By Lori A. Sullivan and Lisa Fenech

You have been named executor of the estate of your dear friend. With the assistance of your attorney, you have marshalled the decedent’s assets, filed the estate tax returns, survived an estate tax audit, paid the estate taxes, paid the decedent’s debts and claims, and made partial distributions. You now see an end in sight to your fiduciary duties. After years of administering the estate, you can hear the lyrics to that catchy tune, “Please Release Me, Let Me Go,” playing over and over again in your head. Your attorney has advised you that there is only one thing left to do to make those lyrics a reality and that is to account to the beneficiaries and be released. Sounds simple, but to really cross that finish line and never look back, an executor must either obtain a decree from the court after judicially accounting or choose to account informally by a receipt and release agreement, making sure the release is valid and enforceable.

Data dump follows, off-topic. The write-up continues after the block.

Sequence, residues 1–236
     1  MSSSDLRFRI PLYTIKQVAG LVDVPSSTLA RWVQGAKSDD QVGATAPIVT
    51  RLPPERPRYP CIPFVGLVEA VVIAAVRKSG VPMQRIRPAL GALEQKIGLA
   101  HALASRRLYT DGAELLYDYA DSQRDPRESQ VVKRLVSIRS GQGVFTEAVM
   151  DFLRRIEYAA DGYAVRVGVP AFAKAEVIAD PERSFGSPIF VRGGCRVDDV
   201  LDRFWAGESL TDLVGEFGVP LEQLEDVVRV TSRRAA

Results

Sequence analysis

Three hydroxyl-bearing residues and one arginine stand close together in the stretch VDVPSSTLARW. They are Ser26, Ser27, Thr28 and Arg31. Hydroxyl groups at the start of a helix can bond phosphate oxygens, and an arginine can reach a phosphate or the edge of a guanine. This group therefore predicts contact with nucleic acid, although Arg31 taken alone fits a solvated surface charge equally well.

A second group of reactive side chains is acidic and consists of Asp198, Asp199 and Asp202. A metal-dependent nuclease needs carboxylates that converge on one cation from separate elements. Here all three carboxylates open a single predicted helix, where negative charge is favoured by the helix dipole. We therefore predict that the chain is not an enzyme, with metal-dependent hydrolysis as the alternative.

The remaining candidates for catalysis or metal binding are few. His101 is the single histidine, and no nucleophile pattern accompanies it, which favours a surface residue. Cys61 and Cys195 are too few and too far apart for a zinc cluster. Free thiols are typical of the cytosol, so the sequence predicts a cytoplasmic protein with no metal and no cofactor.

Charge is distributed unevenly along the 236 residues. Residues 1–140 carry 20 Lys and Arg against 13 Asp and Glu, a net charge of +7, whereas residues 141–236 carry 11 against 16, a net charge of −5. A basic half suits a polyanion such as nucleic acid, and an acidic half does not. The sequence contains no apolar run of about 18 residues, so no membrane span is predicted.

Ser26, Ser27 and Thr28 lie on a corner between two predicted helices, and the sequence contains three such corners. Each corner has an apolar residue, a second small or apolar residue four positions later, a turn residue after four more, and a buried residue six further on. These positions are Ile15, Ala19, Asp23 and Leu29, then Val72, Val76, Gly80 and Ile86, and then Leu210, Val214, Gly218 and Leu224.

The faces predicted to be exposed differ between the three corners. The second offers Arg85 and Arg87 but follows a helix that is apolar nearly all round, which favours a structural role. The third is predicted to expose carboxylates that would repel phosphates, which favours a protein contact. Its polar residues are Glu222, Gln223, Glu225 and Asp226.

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Reprinted with permission from the New York State Bar Association © 2023.